Often asked: What States Allow Subsistence Hunting?

Alaska is the only state where the subsistence use of fish and game is given the highest-priority for consumptive use. This happened when Congress passed a priority subsistence law in 1980 for federal lands in Alaska in the Alaska National Interest Lands Conservation Act (ANILCA).

Where can you do subsistence living?

Subsistence living is simply a lifestyle that commits significant time to the gathering and hunting of food. You can find villages all across Alaska that still predominantly live this way.

Can Native Alaskans hunt year round?

Answer. Generally, the answer is no. Subsistence hunting and fishing, like all other harvest opportunities, are subject to reasonable regulations, including seasons and bag limits. Rules against wasteful taking also apply throughout Alaska.

Do people hunt for food in Alaska?

Subsistence hunting occurs throughout Alaska all year long and is central to the customs and traditions of many cultural groups in Alaska. For most rural Alaska Residents, subsistence hunting is critical to their nutrition, food security, and economic stability.

What is a federal subsistence hunter?

The Federal Subsistence Management Program is a multi-agency effort to provide the opportunity for a subsistence way of life by rural Alaskans on Federal public lands and waters while maintaining healthy populations of fish and wildlife. Fish makes up about 56 percent of this harvest statewide.

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What can I hunt in Alaska in July?

Hunting is open for caribou, deer, elk and mountain goat August through December. In some regions, hunting may be year-round. Moose hunting season runs from September through October, wolf seasons runs from August through May and wolverine season runs from September through February.

Do Native Americans get special hunting rights?

Neither do state laws and regulations generally apply to on-reservation fish and game activities by Indians. Accordingly, except where limited by federal statute or treaty, Indians enjoy exclusive rights to hunt, fish, trap, and gather on trust and restricted lands within the exterior boundaries of their reservations.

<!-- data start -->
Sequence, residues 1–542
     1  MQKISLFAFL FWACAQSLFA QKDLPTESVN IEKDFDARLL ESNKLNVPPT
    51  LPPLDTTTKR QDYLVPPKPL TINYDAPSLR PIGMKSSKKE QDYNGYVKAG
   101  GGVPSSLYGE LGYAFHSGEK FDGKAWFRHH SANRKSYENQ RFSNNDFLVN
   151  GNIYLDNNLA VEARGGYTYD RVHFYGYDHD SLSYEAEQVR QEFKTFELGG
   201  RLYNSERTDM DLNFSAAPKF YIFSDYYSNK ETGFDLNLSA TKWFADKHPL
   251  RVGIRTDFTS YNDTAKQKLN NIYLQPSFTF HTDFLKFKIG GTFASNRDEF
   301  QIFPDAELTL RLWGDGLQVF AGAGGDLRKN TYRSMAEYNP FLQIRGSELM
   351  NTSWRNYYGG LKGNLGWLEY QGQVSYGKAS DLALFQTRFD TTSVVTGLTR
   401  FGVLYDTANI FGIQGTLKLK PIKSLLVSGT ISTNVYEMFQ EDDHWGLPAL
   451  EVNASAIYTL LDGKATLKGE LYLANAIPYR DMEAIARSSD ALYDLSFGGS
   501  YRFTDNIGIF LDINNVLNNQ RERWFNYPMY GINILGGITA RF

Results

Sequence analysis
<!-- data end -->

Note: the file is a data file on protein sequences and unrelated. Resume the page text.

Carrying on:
Do people still hunt for their food?

Though it used to be a way of life in America — and still is in many countries — for most, the need for subsistence hunting is dwindling. Subsistence hunting is not without its detractors, however. It takes place on federally managed land in the United States, so it can kill animals on refuges and preserves.

Do people hunt in Alaska?

Alaska is a popular hunting destination. Hunters come from all over the world to hunt big game animals such as the brown bear, black bear, moose, and caribou. Mountain goat hunts are also quickly becoming a rising interest to hunters.

Why does Alaska allow bear hunting?

The state’s Intensive Management Law of 1994 mandates that certain predator species be managed to ensure that populations of moose, caribou, and deer “remain large enough to allow for adequate and sustained harvest.” For many Alaskans, wild game is a vital food source, second only to fish.

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What are designated hunters?

Designated hunter means the person named by a permittee as authorized to harvest wildlife on behalf of the permittee pursuant to the permit held by the permittee.

Who can subsistence fish in Alaska?

Fishing Licenses & Permits. All Alaska residents, and ONLY Alaska residents, are eligible to participate in both Subsistence and Personal Use fisheries.

Can I hunt on my own land Alaska?

The state and federal governments own the bulk of Alaska’s public lands, and large tracts of public land are open to hunting. Many good hunting areas in the state are privately owned, and hunters must obtain advance permission to hunt in these areas.

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